Creative and forward thinking cycling infrastructure play a major part in safety. Boston is a shining example of this. In 2007, the city was rated the least bike-friendly major city in the United States. Seven years, 82 miles of bike lanes, 1500 bike racks, a few bike paths later, and countless hours of work later, we are now one of the best! Check out some even more futuristic infrastructure that could make cycling in our community even safer:
Protected Cycle Tracks
While several neighborhoods in the Greater Boston Area do boast one or two cycle tracks, most are not as advanced as this one in Brooklyn, New York. The Sands Street cycle track, which was built in place of a median, helps cyclists navigate this tricky and congested corridor. The two-way path runs down the middle of the street, as opposed to traditional cycle tracks on sidewalks or next to parked cars. Cyclists no longer worry about cars cutting through bike lanes as they exit and enter the major thoroughfares along Sands Street. Instead they can ride easy knowing they are protected by concrete barriers and fencing.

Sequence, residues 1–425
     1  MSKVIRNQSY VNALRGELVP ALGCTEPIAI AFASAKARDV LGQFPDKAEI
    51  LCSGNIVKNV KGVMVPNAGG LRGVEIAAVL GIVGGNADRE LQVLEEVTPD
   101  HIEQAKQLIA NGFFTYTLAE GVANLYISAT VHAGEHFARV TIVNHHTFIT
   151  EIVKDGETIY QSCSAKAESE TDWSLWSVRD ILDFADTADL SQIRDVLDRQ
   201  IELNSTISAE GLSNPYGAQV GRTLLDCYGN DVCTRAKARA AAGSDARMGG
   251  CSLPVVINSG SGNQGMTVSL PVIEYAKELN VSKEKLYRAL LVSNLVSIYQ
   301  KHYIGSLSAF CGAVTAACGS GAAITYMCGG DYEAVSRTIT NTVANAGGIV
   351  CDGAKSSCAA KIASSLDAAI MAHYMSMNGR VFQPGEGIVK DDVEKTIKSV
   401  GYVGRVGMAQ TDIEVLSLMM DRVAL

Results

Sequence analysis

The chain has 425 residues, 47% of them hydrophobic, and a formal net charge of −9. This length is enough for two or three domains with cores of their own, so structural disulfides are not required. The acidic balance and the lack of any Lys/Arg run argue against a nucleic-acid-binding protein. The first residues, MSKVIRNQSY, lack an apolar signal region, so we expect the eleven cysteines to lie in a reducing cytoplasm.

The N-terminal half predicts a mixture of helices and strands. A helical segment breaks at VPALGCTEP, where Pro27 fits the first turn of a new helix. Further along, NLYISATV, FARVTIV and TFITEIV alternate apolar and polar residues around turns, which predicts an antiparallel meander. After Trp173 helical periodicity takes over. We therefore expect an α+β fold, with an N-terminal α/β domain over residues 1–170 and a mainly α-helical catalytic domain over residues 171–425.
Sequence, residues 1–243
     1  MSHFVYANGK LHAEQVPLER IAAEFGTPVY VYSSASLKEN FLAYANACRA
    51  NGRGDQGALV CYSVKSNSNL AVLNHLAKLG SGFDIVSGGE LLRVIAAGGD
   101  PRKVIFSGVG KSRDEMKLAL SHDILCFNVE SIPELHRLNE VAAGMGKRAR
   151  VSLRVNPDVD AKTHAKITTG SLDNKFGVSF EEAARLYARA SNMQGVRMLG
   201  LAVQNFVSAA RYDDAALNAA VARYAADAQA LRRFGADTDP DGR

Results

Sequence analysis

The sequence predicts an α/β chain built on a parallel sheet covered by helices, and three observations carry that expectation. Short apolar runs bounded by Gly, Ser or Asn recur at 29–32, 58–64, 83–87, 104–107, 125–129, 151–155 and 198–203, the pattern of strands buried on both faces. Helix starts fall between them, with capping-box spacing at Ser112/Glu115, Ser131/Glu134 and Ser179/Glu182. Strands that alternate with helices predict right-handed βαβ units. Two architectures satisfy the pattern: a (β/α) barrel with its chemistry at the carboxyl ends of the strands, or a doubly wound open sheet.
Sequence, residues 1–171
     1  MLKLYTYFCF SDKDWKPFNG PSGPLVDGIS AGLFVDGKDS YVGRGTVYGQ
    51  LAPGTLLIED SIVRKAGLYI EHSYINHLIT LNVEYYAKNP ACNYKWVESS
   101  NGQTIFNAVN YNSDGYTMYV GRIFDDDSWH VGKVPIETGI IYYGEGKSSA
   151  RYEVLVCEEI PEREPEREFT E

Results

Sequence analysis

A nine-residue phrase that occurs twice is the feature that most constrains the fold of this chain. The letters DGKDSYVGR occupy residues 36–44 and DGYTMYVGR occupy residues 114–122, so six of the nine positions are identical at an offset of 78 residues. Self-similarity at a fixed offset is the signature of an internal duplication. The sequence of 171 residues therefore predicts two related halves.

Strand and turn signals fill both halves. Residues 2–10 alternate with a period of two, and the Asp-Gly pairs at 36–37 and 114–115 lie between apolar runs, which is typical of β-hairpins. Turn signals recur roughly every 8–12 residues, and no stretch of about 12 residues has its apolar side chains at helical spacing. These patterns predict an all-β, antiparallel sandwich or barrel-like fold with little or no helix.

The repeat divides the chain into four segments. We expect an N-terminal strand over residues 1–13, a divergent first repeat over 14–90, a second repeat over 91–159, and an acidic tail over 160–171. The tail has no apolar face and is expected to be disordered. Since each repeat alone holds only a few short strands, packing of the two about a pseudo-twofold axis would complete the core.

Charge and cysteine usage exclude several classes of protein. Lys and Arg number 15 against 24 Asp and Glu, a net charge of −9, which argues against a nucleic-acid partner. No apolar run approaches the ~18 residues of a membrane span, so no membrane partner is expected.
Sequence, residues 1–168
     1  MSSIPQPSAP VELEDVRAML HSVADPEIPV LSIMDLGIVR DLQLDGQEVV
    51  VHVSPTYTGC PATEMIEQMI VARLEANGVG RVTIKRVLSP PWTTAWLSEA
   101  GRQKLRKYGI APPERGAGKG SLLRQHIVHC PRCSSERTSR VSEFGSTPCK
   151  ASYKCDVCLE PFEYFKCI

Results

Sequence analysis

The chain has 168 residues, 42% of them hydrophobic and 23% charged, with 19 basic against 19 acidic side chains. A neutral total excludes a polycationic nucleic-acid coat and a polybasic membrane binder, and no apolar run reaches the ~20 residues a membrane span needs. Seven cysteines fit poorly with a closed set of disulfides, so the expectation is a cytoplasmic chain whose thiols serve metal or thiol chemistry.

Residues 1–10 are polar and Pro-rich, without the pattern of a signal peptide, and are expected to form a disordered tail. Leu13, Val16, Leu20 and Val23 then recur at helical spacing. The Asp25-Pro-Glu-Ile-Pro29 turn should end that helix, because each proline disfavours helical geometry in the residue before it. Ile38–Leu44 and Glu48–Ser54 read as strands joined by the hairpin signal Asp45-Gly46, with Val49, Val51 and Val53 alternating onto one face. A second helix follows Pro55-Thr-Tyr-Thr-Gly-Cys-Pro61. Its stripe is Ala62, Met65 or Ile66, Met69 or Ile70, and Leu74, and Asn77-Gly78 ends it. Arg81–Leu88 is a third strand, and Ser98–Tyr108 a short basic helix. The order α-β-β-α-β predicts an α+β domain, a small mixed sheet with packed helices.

Boston already has a subway AND a highway that go underground, so the next logical step could be a cycle tunnel, such as the Maastunnel Rotterdam in the Netherlands. Finished in 1942, the path was used by over 40,000 cyclists per day in the 1950’s and still sees thousands of local cyclists each day. Escalators at ground level of the take riders down to the river floor where they traverse the 1400 meter bikeway to the other side. Perhaps one day in the future we’ll see a bike-dedicated tunnel of this capacity underneath the Charles River or in the Boston Harbor!
This awesome piece of infrastructure in Trondheim, Norway is like a rope-tow for bikes. Imagine you live on top of a hill. You might be stuck commuting on a flatter main road where cars travel faster and more frequently than the steeper, less congested street. The Trampe saves its 20,000-30,000 yearly users the sweat and the time of struggling up this precipitous roadway.